October 2018 - can't see the wood for the cows
Trying different techniques for woodland conservation is an important part of active management and getting the right balance to allow a range of species to thrive. Tim our woodland ranger talks in more detail about some cattle grazing in the Tarrell Valley and the reason for wanting the cows to do their thing.
Woodland management, a hungry business
Recently we decided to trial some woodland grazing with cattle at a couple of different sites in the Tarell Valley in the central Brecon Beacons. We are hoping to break up the dominance of plants that are quick to colonise the ground and create a thatch layer that prevents anything else from getting started. It’s a slight balancing act, too much of one thing isn’t great for a balanced and diverse range of species as you will find reading on.
First up, I will introduce the core workers in these trials. We are very fortunate to be able to work with our neighbouring tenant farm and their herd of Blue Grey cattle. The Blue Greys are a cross between a Whitebred Shorthorn bull (for its good meat properties) and a Galloway cow (for its hardiness). The end result is a good sturdy cow that can produce a calf suitable for market whilst thriving on lower quality grazing; they are happy to graze rougher pasture than other breeds. They are great for conservation grazing as their impact is less selective and intense than using sheep.
If you walk in the central Brecon Beacons you have probably seen these cows as they spend most of their time on Y Gyrn drifting between Coed Carno and the Storey Arms area to help with conservation grazing up there. In late Autumn they come off the hill to lowland pasture and the sheds for the winter which allowed us to grab the opportunity for a little more work from them.
In they go
We let a few into an area of old wood pasture that was fenced off in 2009 as part of its restoration. Previously this area merged into one larger field with a high concentration of trees in the upper half where it met with the hill boundary. We fenced off the upper half to reduce the grazing pressure and allow the trees to recover from root trampling, bark stripping and canopy grazing. This also allowed self-seeded saplings to thrive as they are normally the sweetest and most nutritious to livestock. However, during this time and without any management the grass has become long and rank and started to create an inpenetratable thatch that nothing else can grow through.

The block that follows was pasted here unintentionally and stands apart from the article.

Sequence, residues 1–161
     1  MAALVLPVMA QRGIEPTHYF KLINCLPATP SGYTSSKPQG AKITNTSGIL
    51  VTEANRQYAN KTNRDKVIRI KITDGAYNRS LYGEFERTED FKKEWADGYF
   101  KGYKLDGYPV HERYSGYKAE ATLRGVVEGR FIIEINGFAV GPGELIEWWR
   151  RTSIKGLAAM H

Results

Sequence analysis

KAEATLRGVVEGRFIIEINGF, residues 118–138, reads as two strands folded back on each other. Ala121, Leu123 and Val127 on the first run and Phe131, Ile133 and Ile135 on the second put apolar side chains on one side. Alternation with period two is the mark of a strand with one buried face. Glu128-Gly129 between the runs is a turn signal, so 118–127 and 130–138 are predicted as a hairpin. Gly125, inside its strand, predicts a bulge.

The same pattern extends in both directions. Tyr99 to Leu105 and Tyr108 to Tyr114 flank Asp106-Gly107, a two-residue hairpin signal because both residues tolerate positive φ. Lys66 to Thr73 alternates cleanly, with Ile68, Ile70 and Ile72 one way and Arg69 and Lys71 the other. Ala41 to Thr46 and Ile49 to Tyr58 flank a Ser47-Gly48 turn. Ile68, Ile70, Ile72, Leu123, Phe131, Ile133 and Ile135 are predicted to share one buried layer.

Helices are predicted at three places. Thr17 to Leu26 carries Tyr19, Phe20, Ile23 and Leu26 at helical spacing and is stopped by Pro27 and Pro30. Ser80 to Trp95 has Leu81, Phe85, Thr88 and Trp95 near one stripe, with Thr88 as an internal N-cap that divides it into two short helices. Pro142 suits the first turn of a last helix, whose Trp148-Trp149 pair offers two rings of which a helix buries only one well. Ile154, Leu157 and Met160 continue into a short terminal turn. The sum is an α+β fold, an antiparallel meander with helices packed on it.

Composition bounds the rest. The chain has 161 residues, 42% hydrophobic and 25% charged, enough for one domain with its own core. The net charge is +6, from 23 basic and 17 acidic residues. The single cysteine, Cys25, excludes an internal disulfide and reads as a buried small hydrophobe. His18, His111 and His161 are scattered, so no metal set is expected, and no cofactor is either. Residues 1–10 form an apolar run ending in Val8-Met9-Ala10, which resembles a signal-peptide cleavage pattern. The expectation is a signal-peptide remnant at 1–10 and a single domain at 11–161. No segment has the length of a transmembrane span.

The answer to this problem is in the name; this is a wood pasture and after time to recover it was ready to be grazed. Cows were the obvious choice for this rougher ground as sheep wouldn’t target the areas we wanted grazed. The Blue Greys were perfect as they are far more comfortable grazing coarse pasture. The outcome resulted with the thatch of the old grass being broken along with the ground's surface, giving more opportunities for new plants to get in with minimal impact on the trees.
More grazing to be had
Next stop for 15 of the cows after scanning (they’re all in calf) was Coed Carno. This is an old hill boundary woodland, heavily used as winter pasture until it was fenced off in the 1980’s and a site we worked in during 2008/2009 to remove a lot of the conifers that were part of an experimental crop by the previous owners. The clearings these left have gradually been taken over by bracken, bramble or both which also creates a thick layer, shading out everything underneath and creating conditions that favour only themselves as they stretch their hold across the woodland. Bramble isn’t a bad thing, it does provide plenty of cover and food in a structured woodland of many layers from floor to canopy. Currently though it is preventing the trees from getting through and leaving us with just scrub. Hopefully this grazing will create the ideal conditions to allow plants, such as bluebells, back in that already thrive in the more established parts of the wood.
The advantage of using cows in the woods to control this understorey rather than intervention by us and brushcutting with machines, is that the cows also help break up the root structure of the bracken and bramble. This helps impede any regrowth as well opening up the soil crust for seeds from surrounding trees to grow.
This isn’t an artificial quick fix to get rid of what we don’t want, it's more a management of what would have been the natural balance. Cows are very happy as woodland animals but it is the fences that have prevented them from grazing these areas that have been able to develop. We are now using the fences as a way of allowing these wooded areas just enough grazing, as with everything, moderation is the best thing for a good balance.
It has also been a good opportunity to work with our tenant as it has relieved grazing pressures on the fields, allowing them to rest, as well as reducing fodder requirements due to the additional grazing.
From grazing cattle to a more general overview of countryside management, come back for a look at what else goes on and how we manage the many sites within the Brecon Beacons and Monmouthsire team.